3. Clicks

You will hear a vigorous roar that settles into a purr when you turn your key in the ignition. If you instead hear "click-click-click," your automobile battery is most likely dead. On the other side, a single click could indicate a poor start.

Those clicks may or may not indicate that your battery has to be replaced, but they're a good indicator. Even if a jump-start gets the car started, the first place you should go is to a skilled, reputable technician's bay.

4. Check the Voltage of the Battery using a Multimeter

A simple way of how to test a car battery is by using a multimeter. You should be able to get one in any hardware shop, and keeping one in your car is a good idea. First, make sure your multimeter's voltmeter is adjusted to 20 volts DC. Your multimeter's voltmeter section will have a "V," which is the acronym for volt.

The positive red meter probe should be placed on the positive red battery connector. Connect the meter's negative black probe to the battery's negative black connector. Request that a friend switch on the headlights. It puts a light load on the battery.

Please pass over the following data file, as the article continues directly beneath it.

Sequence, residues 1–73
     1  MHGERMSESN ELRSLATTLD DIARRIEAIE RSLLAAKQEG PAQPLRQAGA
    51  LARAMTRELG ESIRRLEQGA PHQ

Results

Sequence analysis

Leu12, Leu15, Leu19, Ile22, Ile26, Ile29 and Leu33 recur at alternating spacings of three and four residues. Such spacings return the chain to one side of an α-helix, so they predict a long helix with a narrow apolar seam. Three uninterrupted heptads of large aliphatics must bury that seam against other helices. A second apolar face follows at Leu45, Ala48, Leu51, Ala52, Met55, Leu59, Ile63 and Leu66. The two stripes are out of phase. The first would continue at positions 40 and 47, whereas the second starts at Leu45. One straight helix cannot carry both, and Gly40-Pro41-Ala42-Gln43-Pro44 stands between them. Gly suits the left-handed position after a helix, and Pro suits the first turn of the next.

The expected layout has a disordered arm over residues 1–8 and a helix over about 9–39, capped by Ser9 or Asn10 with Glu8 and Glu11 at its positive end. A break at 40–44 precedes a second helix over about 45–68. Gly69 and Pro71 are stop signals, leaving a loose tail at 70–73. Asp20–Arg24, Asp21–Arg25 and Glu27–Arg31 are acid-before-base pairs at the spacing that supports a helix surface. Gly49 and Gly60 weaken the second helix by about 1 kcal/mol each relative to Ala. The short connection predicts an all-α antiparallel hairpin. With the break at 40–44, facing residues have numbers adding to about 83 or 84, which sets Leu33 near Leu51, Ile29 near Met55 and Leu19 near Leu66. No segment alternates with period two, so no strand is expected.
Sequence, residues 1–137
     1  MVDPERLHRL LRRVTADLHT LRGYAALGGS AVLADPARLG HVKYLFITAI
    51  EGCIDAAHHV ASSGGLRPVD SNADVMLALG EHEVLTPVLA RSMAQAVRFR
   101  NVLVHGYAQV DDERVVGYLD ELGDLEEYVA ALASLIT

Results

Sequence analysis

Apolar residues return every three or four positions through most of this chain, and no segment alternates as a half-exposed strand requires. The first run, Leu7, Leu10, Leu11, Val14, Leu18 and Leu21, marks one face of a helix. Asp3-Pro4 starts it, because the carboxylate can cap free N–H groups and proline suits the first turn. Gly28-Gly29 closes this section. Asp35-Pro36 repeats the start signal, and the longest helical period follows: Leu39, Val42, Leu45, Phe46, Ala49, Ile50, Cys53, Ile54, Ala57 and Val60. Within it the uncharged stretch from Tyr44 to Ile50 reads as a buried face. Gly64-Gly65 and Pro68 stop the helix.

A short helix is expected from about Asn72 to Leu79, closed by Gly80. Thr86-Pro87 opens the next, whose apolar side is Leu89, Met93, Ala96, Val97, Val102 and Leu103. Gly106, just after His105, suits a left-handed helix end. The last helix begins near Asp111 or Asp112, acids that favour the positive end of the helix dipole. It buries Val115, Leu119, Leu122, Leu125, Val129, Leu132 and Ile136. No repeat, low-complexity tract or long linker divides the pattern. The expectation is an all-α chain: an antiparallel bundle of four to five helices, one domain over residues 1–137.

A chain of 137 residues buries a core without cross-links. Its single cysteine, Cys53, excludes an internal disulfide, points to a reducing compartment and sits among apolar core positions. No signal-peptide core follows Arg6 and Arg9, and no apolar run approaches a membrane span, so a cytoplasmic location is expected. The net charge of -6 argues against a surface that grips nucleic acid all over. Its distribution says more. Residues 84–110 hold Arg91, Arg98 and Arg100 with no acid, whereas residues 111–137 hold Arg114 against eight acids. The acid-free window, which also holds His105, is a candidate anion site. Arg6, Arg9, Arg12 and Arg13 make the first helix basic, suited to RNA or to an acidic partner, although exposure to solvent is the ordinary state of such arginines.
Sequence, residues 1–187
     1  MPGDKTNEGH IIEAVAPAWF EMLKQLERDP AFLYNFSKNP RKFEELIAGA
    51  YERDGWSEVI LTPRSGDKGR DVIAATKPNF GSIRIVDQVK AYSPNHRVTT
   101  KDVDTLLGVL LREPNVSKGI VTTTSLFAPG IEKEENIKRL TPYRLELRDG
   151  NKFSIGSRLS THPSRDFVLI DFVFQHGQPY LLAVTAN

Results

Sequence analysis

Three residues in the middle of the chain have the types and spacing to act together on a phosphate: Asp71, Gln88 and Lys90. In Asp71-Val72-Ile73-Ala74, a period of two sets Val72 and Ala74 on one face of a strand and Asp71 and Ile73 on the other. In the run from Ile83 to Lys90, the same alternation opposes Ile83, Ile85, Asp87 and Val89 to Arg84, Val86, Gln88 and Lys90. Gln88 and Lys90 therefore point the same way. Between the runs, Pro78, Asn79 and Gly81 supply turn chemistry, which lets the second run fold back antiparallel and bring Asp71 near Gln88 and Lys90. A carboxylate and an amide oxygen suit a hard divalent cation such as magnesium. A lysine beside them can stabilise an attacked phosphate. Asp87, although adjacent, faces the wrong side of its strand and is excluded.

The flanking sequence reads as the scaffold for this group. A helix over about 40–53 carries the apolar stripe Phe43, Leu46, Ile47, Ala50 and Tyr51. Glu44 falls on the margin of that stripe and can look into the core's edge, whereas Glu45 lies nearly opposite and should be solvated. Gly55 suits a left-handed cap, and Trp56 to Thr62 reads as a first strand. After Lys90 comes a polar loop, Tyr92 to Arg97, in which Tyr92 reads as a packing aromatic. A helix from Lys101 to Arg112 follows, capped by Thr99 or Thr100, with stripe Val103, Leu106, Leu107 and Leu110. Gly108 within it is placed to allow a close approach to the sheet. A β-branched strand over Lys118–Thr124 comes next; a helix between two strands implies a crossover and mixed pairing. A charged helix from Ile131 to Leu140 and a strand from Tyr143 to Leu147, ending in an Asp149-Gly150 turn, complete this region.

At 26.6 degrees Celsius, the reading for a battery with a good charge is about 12.5 volts or higher, 12.3 volts means about a 75% charge, 11.8 volts or lower means 25% or less. Not driving frequently enough, using electronics when the engine is turned off, or otherwise draining the battery.

Acid stratification might develop if your battery is continuously charged at less than 80%. It means that the electrolyte concentrates in the battery's bottom, leaving the upper half acid-free. Acid stratification degrades the performance of the battery and may lead it to fail.

5. Cranking Test